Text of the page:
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Greek Communists Protest Government Austerity Plans After Cabinet Reshuffle


Protesters participate in a rally against the government's latest austerity measures and plans to sell off state enterprises in central Athens, June 18, 2011

Protesters participate in a rally against the government's latest austerity measures and plans to sell off state enterprises in central Athens, June 18, 2011

Thousands of Greek communist party supporters have marched through the capital, Athens, to protest government austerity plans aimed at preventing the country from defaulting on its massive debt.

About 5,000 protesters marched to the Greek parliament Saturday, led by communist party leader Alex Papariga, who accused the government of colluding with its creditors to "skin the people alive." The march ended without incident.

Greece has seen weeks of near-daily protests against Socialist Prime Minister George Papandreou's plans for tax hikes, spending cuts and state asset sales demanded by international lenders in return for emergency loans.

Papandreou reshuffled his Cabinet Friday, naming his main Socialist rival as finance minister in a bid to ease party criticism of his handling of the crisis. His new government faces a confidence vote on Tuesday in parliament, where the ruling party holds a slim majority, with 155 of the 300 seats.

If the government survives the vote, Papandreou is expected to seek parliamentary approval for the austerity package by the end of this month. Greek labor unions are threatening to stage a 48-hour strike when that happens.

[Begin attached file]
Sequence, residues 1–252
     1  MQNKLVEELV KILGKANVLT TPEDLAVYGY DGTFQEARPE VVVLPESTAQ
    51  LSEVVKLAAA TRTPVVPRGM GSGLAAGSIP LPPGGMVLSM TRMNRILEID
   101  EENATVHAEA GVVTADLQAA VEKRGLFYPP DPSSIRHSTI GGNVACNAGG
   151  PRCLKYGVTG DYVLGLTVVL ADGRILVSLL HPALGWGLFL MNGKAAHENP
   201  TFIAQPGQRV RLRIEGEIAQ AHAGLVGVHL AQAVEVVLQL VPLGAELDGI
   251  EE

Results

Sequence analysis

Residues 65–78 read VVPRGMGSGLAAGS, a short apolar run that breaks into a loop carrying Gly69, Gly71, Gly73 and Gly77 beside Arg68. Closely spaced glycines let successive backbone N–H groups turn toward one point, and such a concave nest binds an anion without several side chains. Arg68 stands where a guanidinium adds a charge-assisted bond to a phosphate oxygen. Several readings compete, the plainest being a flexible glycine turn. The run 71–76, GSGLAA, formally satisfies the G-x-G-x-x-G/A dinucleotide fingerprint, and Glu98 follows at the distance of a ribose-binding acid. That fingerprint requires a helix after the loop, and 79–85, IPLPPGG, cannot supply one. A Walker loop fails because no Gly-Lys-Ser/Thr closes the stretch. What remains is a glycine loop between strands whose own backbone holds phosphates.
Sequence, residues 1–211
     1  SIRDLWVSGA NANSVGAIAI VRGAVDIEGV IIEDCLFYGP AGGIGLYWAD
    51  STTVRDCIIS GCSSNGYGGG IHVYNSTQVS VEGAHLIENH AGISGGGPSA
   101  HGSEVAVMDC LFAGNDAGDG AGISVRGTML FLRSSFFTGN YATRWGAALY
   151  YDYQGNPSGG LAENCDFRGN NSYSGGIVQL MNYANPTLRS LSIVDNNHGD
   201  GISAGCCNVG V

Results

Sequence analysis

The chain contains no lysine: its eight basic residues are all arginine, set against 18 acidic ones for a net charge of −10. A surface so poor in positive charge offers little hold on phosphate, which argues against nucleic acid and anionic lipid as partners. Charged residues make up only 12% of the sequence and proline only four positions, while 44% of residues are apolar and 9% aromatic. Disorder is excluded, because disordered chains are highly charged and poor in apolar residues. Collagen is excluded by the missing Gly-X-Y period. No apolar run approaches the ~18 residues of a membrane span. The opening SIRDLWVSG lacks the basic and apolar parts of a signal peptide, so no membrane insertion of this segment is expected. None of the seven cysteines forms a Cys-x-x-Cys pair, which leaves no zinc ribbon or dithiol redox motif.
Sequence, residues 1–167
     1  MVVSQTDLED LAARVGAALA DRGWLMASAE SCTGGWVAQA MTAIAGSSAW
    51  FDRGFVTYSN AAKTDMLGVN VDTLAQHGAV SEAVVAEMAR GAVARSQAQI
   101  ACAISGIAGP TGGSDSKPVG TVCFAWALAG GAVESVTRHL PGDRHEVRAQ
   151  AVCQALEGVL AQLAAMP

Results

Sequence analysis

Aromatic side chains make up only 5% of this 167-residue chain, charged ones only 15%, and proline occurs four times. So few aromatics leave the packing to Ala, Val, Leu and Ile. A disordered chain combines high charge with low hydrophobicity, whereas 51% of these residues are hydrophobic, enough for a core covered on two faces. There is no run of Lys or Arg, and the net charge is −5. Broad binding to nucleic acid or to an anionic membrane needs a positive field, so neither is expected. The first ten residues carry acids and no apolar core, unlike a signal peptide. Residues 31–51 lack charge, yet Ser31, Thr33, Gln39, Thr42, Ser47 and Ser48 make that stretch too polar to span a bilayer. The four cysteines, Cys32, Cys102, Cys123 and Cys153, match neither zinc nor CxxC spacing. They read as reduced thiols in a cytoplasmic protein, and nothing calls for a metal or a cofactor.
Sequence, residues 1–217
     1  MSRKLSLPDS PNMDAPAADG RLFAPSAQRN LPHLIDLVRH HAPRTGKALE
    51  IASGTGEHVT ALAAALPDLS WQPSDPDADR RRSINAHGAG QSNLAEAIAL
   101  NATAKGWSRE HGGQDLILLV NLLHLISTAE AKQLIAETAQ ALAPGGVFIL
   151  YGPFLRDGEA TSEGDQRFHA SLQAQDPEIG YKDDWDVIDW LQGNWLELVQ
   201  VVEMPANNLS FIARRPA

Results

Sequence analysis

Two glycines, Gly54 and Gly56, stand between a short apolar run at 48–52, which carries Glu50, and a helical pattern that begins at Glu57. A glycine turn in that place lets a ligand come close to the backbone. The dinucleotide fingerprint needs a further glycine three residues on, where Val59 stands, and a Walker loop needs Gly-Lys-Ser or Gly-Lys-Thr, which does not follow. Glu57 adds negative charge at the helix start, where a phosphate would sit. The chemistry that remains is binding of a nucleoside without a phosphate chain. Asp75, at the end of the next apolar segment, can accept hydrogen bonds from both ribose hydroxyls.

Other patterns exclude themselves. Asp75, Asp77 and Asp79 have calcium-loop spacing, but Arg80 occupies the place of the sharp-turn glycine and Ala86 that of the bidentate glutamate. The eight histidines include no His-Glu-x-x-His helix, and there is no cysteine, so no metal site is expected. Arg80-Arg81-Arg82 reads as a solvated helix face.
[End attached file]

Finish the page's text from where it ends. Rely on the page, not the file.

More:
Greek Finance Minister Evangelos Venizelos is due to hold his first meeting with other finance chiefs of the 17-member euro zone in Brussels on Sunday.

EU Economic and Financial Affairs Commissioner Olli Rehn has said he expects the euro zone ministers to agree to provide Greece with the next installment of a bailout loan approved last year by the EU and International Monetary Fund (IMF). The IMF has said it is ready to release its share of the $17 billion installment if Greece meets its austerity promises.

Greece has said it needs the $17 billion to avoid defaulting on its debts next month. Athens also is seeking a second bailout package to keep its economy afloat beyond September, but EU leaders have been unable to agree on the terms of such a loan, including how much of its should be funded by the private sector.

EU powers Germany and France moved closer to resolving the dispute Friday, when German Chancellor Angela Merkel agreed with French President Nicolas Sarkozy that private sector involvement should be voluntary. She previously had demanded compulsory participation by banks and other private lenders.

The chairman of the euro zone's Eurogroup, Luxembourg Prime Minister Jean-Claude Juncker, criticized German pressure for private sector funding of a new Greek bailout, likening it to "playing with fire."

In comments to a German newspaper published Saturday, he said a Greek debt default could spread the crisis to other highly-indebted EU nations, including Italy and Belgium, in addition to Spain.

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